The latest market swing has uncovered a caution to consider when investing in exchange traded funds (ETFs). It appears that wide trading spreads are a problem because ETFs trade on exchanges like stocks. "Bid-ask" spreads are the gaps between the price buyers are willing to pay and sellers are willing to accept. A wide spread can take away from an investment, and they are an unanticipated cost.
The popular, widely traded ETFs haven’t been susceptible but the specialty, niche products have. Diya Gullapalli for The Wall Street Journal explains that just as spreads on regular stocks vary, they do so with ETFs as well. Investors, of course, want the smallest spreads possible. But if you happen to be selling, and it’s on a day the market is deteriorating, you have to choose between accepting the bigger spread, or risking a bigger loss by sitting on the sidelines. The issue could worsen as hundreds of new ETFs are in the pipeline. Many will focus on narrow market niches, so beware. Low trading activity can contribute to wider spreads too.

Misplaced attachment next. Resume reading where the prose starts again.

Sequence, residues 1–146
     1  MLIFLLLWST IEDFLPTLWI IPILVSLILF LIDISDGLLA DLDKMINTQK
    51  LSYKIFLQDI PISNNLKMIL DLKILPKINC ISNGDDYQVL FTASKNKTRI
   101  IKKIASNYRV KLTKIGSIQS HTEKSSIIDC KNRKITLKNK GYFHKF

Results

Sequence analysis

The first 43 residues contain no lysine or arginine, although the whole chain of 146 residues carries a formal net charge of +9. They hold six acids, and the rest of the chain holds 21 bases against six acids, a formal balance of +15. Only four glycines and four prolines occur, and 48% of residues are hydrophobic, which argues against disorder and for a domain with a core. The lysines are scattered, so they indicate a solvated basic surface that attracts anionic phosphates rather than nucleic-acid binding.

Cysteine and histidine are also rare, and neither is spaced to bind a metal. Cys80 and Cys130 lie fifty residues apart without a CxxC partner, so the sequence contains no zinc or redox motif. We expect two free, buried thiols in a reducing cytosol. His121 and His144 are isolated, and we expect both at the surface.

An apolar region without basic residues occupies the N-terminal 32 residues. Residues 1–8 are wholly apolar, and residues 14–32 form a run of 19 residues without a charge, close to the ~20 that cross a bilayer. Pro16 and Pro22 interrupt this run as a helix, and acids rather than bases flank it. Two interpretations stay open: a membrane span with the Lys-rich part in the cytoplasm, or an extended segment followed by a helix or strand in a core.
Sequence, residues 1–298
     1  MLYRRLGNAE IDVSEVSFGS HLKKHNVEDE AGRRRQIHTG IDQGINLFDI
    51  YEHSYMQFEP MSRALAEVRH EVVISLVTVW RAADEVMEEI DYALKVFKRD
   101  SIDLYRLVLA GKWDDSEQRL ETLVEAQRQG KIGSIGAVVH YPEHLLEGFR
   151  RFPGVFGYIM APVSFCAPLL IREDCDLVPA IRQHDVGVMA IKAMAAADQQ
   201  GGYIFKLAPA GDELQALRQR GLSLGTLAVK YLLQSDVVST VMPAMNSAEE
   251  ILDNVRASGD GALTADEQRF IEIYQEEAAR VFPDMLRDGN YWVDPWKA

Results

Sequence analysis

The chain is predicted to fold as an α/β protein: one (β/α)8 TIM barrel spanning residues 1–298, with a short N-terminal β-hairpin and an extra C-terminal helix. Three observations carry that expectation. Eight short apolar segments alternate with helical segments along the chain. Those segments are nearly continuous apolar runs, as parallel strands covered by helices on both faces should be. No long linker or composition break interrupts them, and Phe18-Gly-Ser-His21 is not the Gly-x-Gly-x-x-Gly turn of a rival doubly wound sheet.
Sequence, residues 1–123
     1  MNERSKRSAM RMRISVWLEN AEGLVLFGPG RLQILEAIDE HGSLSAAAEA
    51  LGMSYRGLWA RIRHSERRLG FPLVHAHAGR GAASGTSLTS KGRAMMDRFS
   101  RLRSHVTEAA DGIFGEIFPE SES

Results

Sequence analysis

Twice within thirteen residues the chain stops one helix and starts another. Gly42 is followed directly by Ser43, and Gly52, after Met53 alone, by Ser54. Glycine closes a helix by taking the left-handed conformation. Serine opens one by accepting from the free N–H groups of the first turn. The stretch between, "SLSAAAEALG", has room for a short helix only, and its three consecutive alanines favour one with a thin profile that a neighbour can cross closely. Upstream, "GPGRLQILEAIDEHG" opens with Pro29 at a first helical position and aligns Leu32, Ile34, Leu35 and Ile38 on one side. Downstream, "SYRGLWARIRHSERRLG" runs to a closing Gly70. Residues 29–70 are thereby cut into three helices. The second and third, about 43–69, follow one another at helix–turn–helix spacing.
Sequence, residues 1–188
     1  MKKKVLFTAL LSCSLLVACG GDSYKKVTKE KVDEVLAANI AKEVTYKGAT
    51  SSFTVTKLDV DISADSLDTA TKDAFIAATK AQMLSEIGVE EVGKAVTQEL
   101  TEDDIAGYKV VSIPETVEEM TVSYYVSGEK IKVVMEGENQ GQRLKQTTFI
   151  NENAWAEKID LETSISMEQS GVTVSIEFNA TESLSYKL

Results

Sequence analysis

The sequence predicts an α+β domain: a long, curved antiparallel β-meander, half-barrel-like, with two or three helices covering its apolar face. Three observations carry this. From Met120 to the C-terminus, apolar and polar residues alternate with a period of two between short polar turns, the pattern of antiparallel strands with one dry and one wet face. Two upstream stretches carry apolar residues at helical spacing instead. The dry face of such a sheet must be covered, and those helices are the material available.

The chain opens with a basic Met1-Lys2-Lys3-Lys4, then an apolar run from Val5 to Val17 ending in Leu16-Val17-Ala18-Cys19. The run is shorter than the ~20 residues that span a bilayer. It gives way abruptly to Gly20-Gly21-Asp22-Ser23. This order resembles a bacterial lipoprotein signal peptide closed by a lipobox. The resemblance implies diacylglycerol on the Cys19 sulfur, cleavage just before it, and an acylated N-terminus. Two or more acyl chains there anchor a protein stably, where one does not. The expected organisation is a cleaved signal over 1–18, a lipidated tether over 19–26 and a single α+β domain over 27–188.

The opinions and forecasts expressed herein are solely those of Tom Lydon, and may not actually come to pass. Information on this site should not be used or construed as an offer to sell, a solicitation of an offer to buy, or a recommendation for any product.